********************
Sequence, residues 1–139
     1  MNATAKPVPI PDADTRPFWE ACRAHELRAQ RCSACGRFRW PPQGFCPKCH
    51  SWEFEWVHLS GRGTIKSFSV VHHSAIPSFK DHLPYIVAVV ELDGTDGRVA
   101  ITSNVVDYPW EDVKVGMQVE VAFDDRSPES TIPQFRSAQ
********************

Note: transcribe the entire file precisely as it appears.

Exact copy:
Sequence, residues 1–139
     1  MNATAKPVPI PDADTRPFWE ACRAHELRAQ RCSACGRFRW PPQGFCPKCH
    51  SWEFEWVHLS GRGTIKSFSV VHHSAIPSFK DHLPYIVAVV ELDGTDGRVA
   101  ITSNVVDYPW EDVKVGMQVE VAFDDRSPES TIPQFRSAQ